Who will follow Australia’s lead in setting a crew change date?

The International Transport Workers’ Federation (ITF) has welcomed the announcement this week by the Australian Maritime Safety Authority (AMSA) that it will be ending on February 28 temporary exemptions for vessels to have seafarers onboard for longer than the 11 months maximum stipulated by the International Labour Organisation’s Maritime Labour Convention (MLC). The trade union is now calling on other countries to make similar commitments in a bid to resolve the ongoing crew change crisis that sees around 400,000 seafarers stranded at sea, unable to get home thanks to pandemic travel restrictions.

ITF seafarers’ and inland navigation section coordinator, Fabrizio Barcellona, said that given the world had been dealing with the Covid-19 pandemic for more than eight months, regulators and the industry needed to return to respecting the rights and welfare of seafarers.

“Port state controls need to get back to doing their job and upholding seafarers’ rights,” said Barcellona. “We welcome the decision by AMSA to end their exemptions for shipowners to have crew onboard beyond the 11 months maximum allowed for internationally. But this is only the start of the action we need by port states to help resolve the crew change crisis and set clear expectations for the global shipping industry.”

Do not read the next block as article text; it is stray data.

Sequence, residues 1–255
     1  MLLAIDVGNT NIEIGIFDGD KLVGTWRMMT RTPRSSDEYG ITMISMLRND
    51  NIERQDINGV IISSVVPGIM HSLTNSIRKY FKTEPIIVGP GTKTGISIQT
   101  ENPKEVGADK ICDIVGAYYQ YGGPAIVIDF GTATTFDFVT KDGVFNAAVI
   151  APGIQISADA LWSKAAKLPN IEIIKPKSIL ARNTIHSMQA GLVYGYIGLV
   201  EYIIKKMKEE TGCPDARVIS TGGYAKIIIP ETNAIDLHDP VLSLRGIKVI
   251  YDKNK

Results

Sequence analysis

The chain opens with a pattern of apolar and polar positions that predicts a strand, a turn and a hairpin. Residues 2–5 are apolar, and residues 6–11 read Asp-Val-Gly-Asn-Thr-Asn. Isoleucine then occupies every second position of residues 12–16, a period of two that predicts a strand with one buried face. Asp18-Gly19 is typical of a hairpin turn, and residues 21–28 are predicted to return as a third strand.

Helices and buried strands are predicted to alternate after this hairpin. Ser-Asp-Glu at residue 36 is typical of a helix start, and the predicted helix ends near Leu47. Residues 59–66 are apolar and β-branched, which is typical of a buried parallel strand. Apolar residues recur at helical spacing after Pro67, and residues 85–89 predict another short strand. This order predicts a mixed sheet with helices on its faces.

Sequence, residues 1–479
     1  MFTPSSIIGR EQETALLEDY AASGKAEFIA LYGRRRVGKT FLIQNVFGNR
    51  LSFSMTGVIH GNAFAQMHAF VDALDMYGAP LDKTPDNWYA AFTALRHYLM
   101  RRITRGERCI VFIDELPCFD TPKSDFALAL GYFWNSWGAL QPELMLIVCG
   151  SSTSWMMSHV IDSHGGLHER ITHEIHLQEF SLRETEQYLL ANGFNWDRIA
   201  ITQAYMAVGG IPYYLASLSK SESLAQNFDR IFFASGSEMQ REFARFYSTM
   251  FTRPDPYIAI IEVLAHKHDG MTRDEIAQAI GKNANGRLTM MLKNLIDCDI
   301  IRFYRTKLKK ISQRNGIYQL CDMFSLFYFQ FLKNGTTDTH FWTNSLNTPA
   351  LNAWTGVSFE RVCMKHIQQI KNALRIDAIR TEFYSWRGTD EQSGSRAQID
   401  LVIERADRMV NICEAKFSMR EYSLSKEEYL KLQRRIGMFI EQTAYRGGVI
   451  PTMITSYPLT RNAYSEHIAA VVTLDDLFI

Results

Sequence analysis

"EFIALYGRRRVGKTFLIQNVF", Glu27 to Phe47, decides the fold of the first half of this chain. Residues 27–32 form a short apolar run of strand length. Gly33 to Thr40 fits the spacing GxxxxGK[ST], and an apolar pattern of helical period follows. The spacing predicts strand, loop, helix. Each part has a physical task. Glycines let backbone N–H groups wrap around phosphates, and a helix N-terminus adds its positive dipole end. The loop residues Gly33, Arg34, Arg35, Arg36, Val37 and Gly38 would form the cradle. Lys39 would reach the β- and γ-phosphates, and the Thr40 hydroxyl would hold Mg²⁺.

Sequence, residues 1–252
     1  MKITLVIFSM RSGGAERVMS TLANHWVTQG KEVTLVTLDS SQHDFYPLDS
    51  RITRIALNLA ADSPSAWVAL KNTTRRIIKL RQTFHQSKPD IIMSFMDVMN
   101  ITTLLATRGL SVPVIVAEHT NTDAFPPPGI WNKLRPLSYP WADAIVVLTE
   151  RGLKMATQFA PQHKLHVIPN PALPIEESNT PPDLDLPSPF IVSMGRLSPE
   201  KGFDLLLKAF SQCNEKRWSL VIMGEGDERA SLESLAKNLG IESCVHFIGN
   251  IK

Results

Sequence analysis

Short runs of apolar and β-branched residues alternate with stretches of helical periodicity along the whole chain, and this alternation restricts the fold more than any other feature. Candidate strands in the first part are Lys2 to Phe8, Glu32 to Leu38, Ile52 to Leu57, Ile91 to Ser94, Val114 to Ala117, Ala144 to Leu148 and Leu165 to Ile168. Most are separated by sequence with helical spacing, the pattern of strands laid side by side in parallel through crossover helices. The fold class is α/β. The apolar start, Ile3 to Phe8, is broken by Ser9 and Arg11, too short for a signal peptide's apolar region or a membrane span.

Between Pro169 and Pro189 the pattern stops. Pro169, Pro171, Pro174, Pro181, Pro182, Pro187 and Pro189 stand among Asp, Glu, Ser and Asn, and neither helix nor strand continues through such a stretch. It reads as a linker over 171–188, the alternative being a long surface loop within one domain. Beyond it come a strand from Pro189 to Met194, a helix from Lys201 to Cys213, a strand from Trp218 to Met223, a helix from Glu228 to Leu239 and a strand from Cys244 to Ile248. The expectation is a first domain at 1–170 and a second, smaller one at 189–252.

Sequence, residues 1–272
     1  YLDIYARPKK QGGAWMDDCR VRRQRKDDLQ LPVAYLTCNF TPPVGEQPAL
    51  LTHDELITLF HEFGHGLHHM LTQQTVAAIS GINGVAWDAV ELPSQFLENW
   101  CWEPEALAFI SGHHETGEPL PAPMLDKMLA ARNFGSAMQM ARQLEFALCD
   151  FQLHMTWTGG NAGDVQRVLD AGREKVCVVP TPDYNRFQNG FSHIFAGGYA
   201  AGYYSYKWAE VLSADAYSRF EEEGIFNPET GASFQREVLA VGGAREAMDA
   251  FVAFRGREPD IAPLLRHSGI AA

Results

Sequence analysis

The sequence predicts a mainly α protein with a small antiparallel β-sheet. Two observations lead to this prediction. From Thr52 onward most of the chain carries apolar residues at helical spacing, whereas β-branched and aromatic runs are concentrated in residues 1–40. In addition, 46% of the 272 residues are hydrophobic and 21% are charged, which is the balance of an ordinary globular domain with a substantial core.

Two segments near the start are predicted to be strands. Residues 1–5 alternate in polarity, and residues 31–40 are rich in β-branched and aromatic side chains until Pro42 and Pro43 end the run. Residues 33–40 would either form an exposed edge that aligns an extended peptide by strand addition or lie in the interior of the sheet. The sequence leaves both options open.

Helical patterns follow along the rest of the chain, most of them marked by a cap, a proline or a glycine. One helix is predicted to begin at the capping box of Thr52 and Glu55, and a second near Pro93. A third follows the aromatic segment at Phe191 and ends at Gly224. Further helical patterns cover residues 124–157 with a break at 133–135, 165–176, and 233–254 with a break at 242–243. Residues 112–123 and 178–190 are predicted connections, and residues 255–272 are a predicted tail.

Barcellona said Australia needed to coordinate its policy on seafarers across federal agencies and state governments better by introducing green lanes to get seafarers safely and efficiently to and from airports to ships. The same goes for many other governments, he said.

AMSA general manager of operations Allan Schwartz said earlier this week: “In our view there has been sufficient time for ship operators to adjust to the Covid-19 world and develop new plans for seafarer repatriation and crew changes.”

Splash has contacted a number of port state authorities following the Australian news this week, seeking whether they will make similar commitments. Further reports will follow.

Sam Chambers

Starting out with the Informa Group in 2000 in Hong Kong, Sam Chambers became editor of Maritime Asia magazine as well as East Asia Editor for the world’s oldest newspaper, Lloyd’s List. In 2005 he pursued a freelance career and wrote for a variety of titles including taking on the role of Asia Editor at Seatrade magazine and China correspondent for Supply Chain Asia. His work has also appeared in The Economist, The New York Times, The Sunday Times and The International Herald Tribune.


  1. Why only on Feb 28?

    It’s already illegal according to MLC. Exemption should be made only when it is impossible to repatriate seafarers.

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